Modest upgrades this year at the provincial park

New campground in plans, but no money for it

Joe McWilliams
Lakeside Leader

Big plans are one thing and the big money to do them is another. That seems to be the perpetual dilemma facing the folks who manage Alberta’s provincial parks. At least it is for Lesser Slave Lake Provincial Park (LSLPP).

The planners have some pretty impressive and elaborate ideas for improving the amenities at the region’s ‘flagship’ park. As they’ve presented them more than once to town and M.D. councils, the plans include a fair-sized new full-service campground (near the golf course) and an expanded trail system.

It’s a no-brainer that LSLPP could handle many more camping spaces. The idea of expanding the existing campground at Marten River has been looked into, but given ‘historical resources’ issues, that has been abandoned. The plan more recently, says regional Parks supervisor Calvin McLeod, is to do a major campground addition south of the golf course.

“It would cost $10 million if not more,” he says. “A large project and no money available at this time.”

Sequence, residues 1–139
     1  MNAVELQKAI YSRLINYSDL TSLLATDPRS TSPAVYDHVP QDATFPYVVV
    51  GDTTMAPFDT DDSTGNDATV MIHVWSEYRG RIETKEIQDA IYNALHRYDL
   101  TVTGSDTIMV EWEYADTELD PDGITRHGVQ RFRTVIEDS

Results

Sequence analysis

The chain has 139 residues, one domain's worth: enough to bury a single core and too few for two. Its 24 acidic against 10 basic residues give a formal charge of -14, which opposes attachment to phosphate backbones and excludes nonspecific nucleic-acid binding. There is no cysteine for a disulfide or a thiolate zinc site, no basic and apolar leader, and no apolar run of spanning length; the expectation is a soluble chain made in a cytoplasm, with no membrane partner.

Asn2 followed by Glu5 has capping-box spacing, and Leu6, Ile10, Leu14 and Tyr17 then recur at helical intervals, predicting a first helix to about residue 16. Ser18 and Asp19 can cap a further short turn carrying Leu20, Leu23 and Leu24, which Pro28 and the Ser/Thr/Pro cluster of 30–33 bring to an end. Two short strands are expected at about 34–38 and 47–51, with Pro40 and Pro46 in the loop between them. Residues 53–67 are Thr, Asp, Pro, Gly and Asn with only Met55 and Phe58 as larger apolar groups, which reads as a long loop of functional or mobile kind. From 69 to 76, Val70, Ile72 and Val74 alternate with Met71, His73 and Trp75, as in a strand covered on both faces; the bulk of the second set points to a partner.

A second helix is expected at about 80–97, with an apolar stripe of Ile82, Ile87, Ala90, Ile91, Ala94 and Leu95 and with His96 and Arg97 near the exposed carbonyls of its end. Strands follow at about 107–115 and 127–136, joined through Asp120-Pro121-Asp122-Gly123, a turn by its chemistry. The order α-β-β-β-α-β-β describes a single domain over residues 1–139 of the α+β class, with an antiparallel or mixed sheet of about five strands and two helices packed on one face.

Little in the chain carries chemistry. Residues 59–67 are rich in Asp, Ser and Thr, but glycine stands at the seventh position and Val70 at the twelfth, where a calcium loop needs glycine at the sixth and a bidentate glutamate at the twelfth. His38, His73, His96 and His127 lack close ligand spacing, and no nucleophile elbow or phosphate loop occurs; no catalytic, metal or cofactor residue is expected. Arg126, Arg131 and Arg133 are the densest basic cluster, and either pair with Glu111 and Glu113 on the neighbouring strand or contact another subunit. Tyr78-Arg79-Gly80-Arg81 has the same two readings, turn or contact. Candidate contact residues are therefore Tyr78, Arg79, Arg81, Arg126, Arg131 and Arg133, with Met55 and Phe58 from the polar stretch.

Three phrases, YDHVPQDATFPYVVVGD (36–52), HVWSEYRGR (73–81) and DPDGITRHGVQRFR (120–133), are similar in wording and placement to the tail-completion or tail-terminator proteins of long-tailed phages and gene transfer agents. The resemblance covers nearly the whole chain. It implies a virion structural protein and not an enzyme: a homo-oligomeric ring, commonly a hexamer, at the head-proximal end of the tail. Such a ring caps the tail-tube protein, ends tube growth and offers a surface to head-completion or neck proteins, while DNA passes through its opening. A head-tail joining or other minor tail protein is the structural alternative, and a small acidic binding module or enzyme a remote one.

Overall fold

Upgrades continue, however, at a more modest pace. This year will see changes to the displays at the Boreal Centre for Bird Conservation and a new shower house at the Marten River Campground. Those alone are running over a million dollars, McLeod says.

Construction of the shower facility, by the way, should not affect anyone who needs a shower this summer; the old shower house will continue in use while the new one is being built.

In other park news, McLeod says efforts to “improve our relationship with the town and M.D. on beach maintenance,” will continue.

As for the two-year-old experiment in turning the Devonshire Beach parking lot into a campground, McLeod says it has gotten some use and seems to be “getting a bit more popular.”

Share this post

Post Comment